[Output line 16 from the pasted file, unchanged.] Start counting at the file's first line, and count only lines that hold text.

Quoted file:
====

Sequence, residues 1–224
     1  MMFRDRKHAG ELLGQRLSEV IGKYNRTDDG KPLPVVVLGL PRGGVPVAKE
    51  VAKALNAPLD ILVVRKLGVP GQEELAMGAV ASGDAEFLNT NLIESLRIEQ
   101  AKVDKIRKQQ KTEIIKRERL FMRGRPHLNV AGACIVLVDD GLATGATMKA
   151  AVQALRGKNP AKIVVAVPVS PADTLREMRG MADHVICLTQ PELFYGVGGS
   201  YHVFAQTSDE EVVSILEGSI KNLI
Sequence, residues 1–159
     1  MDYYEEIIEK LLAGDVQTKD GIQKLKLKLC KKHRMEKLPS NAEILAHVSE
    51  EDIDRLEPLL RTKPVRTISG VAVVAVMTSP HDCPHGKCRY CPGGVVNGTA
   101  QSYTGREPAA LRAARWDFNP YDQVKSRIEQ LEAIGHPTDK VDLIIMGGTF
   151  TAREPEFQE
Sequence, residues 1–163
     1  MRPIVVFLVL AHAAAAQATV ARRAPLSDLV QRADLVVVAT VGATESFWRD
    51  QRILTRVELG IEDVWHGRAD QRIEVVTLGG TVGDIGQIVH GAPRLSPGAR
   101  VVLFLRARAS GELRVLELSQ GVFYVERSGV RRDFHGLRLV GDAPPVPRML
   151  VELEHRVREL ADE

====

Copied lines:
   151  VELEHRVREL ADE